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Film review: The good and bad of Clyde Edwards-Helaire vs. the Chargers

The second-year running back rushed for 100 yards at 5.9 yards per carry last Sunday.

NFL: Los Angeles Chargers at Kansas City Chiefs Denny Medley-USA TODAY Sports

For the past couple of weeks, Kansas City Chiefs running back Clyde Edwards-Helaire has been the victim of some criticism due to ball security issues. There’s no quicker way to get on the wrong side of a fan base than putting the ball on the ground at that position.

However, it shouldn’t get lost in the shuffle that Edwards-Helaire actually had one of his better games since joining the Chiefs when it simply came to running the football against the Los Angeles Chargers in Week 3.

In this review, we will detail what he did well, where some deficiencies remain, and what it means for the future.

The good

Before we talk about Edwards-Helaire’s specific set of abilities, let’s preface everything by acknowledging the power and tenacity this new Chiefs offensive line possesses. The big guys up front are moving defenders off of the line of scrimmage in ways Chiefs fans haven’t seen in quite some time.

Edwards-Helaire appeared to run harder this week — as if he had much to prove. One of the benefits to the offensive line and a running back gaining more and more game repetitions together is that Edwards-Helaire will continue to gain a better feel for how to work off their blocks.

The operation looked more in-sync post-snap, and because of the great job the offensive line did in blocking, it positioned Edwards-Helaire to be much more decisive with his maneuvers.

Although his size could be considered a weakness in his game, there are also ways in which it becomes an advantage for Edwards-Helaire.

The Chiefs have a very large set of offensive linemen, and when they are making life as difficult on the opposition as they did against the Chargers, it’s a tough ask for defenders to simultaneously find the shifty 5-foot-7 running back behind a wall of bodies. This is particularly the case when the Chiefs elect for zone-style runs, in which Edwards-Helaire has more freedom to choose the gap he will run through based on how the blocks are set up.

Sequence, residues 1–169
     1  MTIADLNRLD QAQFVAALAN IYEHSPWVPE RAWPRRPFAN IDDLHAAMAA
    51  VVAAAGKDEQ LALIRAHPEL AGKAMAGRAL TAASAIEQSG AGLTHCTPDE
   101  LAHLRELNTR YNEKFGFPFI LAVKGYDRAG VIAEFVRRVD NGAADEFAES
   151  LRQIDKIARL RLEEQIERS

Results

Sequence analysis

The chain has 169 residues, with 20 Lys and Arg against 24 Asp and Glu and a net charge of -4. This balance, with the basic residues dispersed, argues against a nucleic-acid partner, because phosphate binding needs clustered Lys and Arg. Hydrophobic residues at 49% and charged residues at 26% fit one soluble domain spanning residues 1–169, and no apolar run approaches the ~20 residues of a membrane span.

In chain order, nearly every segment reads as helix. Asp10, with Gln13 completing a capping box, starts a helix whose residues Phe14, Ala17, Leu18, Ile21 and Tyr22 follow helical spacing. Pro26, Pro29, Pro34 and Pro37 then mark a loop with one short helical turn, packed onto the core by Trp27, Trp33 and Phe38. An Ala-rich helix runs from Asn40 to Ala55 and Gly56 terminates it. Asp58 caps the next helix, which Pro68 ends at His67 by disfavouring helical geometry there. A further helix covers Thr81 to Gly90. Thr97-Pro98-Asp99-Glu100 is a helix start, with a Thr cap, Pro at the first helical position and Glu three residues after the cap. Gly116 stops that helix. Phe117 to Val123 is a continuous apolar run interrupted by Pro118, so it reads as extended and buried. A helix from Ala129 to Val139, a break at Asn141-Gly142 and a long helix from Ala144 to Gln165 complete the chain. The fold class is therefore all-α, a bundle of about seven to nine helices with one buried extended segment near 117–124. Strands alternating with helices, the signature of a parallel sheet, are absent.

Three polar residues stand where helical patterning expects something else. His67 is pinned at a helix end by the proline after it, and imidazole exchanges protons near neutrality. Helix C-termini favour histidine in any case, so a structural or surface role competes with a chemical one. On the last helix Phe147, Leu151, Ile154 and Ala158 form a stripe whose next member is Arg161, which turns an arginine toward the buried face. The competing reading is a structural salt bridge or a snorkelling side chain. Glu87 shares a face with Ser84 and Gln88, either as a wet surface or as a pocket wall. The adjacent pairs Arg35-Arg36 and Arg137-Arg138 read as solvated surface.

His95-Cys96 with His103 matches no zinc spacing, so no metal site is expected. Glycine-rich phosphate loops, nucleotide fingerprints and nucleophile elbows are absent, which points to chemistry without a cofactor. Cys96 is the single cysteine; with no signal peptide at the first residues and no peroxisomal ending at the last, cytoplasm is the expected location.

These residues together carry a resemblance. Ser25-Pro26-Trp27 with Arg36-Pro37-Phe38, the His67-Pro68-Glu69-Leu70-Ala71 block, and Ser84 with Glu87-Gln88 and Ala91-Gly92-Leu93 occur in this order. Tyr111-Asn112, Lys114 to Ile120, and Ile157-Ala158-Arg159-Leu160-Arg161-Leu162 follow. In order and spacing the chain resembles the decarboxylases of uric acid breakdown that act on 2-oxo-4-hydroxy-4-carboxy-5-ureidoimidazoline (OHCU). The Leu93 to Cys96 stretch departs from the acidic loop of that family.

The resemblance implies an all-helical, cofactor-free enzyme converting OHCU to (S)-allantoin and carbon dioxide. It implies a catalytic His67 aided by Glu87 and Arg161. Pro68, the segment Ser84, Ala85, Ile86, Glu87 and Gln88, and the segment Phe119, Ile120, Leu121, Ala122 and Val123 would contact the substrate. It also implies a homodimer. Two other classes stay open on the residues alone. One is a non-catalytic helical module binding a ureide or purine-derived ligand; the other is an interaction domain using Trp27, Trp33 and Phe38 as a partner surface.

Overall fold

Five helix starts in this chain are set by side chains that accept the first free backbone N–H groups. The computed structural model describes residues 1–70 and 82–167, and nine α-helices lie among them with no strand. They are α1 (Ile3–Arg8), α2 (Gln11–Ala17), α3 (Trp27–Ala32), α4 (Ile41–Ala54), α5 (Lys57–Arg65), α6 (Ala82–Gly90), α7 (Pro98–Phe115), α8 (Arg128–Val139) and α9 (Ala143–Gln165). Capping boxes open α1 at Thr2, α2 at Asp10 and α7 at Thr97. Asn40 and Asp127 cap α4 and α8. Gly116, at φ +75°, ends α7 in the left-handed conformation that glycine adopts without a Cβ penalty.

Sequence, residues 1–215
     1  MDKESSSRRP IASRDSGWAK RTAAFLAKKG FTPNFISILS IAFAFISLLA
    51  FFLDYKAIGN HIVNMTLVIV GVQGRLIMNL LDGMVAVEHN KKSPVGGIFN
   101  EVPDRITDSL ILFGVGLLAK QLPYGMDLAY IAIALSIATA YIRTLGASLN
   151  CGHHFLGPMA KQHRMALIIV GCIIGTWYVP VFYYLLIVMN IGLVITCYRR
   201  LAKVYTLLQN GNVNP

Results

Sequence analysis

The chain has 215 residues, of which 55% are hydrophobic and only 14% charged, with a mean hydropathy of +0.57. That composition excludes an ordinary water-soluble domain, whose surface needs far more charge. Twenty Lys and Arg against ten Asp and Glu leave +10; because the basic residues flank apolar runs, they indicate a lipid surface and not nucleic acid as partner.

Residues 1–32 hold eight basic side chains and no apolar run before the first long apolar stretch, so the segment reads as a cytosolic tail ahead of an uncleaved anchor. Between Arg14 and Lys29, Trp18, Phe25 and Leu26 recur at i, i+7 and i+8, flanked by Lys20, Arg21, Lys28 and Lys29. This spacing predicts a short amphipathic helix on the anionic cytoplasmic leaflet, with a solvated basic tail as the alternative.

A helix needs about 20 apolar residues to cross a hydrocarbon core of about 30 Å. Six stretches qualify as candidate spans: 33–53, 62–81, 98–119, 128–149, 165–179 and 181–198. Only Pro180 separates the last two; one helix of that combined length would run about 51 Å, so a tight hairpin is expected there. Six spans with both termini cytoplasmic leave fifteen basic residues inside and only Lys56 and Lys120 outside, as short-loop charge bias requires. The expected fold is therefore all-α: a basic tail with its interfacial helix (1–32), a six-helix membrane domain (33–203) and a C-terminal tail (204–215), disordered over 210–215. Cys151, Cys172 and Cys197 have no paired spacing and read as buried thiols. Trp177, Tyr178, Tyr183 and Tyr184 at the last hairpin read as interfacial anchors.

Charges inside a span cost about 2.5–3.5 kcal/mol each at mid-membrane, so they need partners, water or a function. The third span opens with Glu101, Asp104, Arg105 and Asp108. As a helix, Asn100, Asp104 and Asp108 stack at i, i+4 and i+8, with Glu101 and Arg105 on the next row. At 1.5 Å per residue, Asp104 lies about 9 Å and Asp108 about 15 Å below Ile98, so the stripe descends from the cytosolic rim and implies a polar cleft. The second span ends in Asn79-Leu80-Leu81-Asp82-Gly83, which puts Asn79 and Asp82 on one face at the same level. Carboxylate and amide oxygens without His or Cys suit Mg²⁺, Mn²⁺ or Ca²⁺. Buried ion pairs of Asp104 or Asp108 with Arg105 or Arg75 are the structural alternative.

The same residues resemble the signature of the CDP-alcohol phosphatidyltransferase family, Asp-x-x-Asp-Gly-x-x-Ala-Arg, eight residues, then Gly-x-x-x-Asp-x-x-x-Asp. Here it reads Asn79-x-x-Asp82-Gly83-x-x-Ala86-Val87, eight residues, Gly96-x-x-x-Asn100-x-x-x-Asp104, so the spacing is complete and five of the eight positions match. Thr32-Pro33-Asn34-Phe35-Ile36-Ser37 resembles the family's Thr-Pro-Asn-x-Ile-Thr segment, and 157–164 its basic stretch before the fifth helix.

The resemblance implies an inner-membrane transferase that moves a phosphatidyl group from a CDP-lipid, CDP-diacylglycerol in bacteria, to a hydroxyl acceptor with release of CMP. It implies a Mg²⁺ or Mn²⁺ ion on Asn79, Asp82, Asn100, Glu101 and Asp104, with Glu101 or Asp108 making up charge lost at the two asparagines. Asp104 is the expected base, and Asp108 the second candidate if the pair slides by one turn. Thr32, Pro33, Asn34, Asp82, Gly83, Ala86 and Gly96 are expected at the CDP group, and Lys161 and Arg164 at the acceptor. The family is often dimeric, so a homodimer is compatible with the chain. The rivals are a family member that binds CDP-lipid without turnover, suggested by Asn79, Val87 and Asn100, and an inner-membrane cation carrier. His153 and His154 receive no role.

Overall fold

Where Edwards-Helaire’s abilities continue to shine brightest right now is his quickness to make first defenders miss in the hole or in space. This is important because, as a running back who will not often make plays with power, he has to find other ways to create hidden yardage.

We see him do just that on a few different occasions against Los Angeles in the clip below.

The bad

On the occasion that the Chiefs’ offensive line couldn’t create a surge and the defensive front could form a decent wall, providing a less clear picture for Edwards-Helaire, he could not push through for good yardage. This is just part of being a smaller back in the National Football League.

Also, despite actually doing a lot of really good things on the play in which he fumbled, it was still a turnover that proved costly in the end — as all four turnovers were.

The other thing we have to acknowledge is that Edwards-Helaire is not going to accelerate through the secondary levels of a defense in a way that destroys the pursuit angles of defenders. That isn’t new information, but it’s a pattern to consider if one has expectations for long runs from him in the future.

The bottom line

As we project forward, if Edwards-Helaire and the offense as a whole can clean up the turnover problems, the potential of this Chiefs offense is as great as any we have seen to date. The offensive line is a big reason for that, and Edwards-Helaire himself played his best game in a long time against the Chargers as well.

We can continue to hope for an increased role in the passing game as the season goes on — something I do think we’ll continue to see after his touchdown reception last week. This game showed a clear path to Edwards-Helaire providing a steady, consistent presence that keeps the Chiefs’ offense well ahead of the chains running the football. I don’t know if we will see a ton of 20-plus-yard carries, but I do think we could see more 10-to-15-yard runs than this team has had in several years, allowing the offense to operate at an extremely high efficiency.

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